Istana Negara, Jalan Istana
|The Royal Museum (Muzium Diraja)|
|Old Istana Negara|
The Istana Negara in Kuala Lumpur
|Type||Official Palace of His Majesty The Yang di-Pertuan Agong
(2013 – present)
|Architectural style||Western architecture|
|Town or city||Kuala Lumpur
The Royal Museum (Malay for Muzium Diraja) along Jalan Istana was the former residence of the Yang di-Pertuan Agong (Supreme King) of Malaysia. It stands on a 13 acre (50,000 m²) site, located on a commanding position on the slope of a hill of Bukit Petaling overlooking the Klang River, along Jalan Syed Putra.
It was replaced by the new national palace as the official residence of the King in 2011. In 2013, it was converted into The Royal Museum and referred as "Old Istana Negara".
The palace was originally a double-storey mansion called The Big House built in 1928 by a local Chinese millionaire, Chan Wing. During the Japanese occupation from 1942 to 1945, it was used as the residence of the Japanese Governor. After the surrender of the Japanese on 15 August 1945, the British Military Administration (BMA) commandeered it for a senior military officers mess from the rank of brigadier. With the formation of the Federation of Malaya in 1950, the Selangor State Government rented the residence from the owners for Straits Dollars 5,000 a month until Merdeka or Independence in 1957. It was renovated to become the palace of His Majesty the Sultan of Selangor. In 1957, the owners sold the property of 13 acres to the Federal Government at an agreed valuation of Straits Dollars 1.4 Million.The Federal Government then converted the residence into the Istana Negara for the newly created sovereign post of Yang di-Pertuan Agong (King) of Malaya which was about to achieve independence that August as scheduled. Since then it has undergone several renovations and extensions. But the most extensive upgrading was carried out in 1980, as it was the first time that the installation ceremony of the Yang di-Pertuan Agong was held at the Istana Negara. Prior to this the Installation Ceremonies were held at the Tunku Abdul Rahman Hall in Jalan Ampang, Kuala Lumpur with the first one held in 1957.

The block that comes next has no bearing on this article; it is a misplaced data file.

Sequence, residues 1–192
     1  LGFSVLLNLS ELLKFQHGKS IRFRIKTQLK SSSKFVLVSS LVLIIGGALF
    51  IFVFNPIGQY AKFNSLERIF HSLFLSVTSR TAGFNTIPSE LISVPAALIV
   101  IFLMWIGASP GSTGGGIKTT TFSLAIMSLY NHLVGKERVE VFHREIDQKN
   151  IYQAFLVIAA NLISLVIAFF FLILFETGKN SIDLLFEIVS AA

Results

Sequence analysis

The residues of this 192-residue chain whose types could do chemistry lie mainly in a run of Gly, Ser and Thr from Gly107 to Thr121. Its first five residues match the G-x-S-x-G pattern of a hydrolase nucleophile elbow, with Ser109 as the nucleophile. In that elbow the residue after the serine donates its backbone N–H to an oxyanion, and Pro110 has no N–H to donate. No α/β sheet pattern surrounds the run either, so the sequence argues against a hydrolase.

After the Istana Negara moved to the new palace at Jalan Duta in December 2011, it was later used for a royal exhibition called Raja Kita, in conjunction with the installation of Tuanku Abdul Halim Mu'adzam Shah as the 14th Yang di-Pertuan Agong in 2012. The exhibition started on 15 April 2012 and is later extended on 8 December 2012. Over 314,757 visitors, both local and foreign visited the exhibition between 15 April and 7 December.
It was decided that starting in 2013, two guards in Malay traditional attire would be stationed at the main gateway of the old Istana Negara to revive the nostalgia and tradition of the Malay Sultanate. Information, Communications and Culture Minister Rais Yatim said the practice will help retain the old palace as a must-visit tourist destination. Several rooms and halls at the old Istana Negara will be open to visitors to learn of their use to the previous thirteen Kings who lived in the palace. An inventory will be drawn up of the collections in the palace in the effort to conserve them. Rais Yatim requested the Royal Malaysia Police and the Department of Museums to collaborate in managing the collections.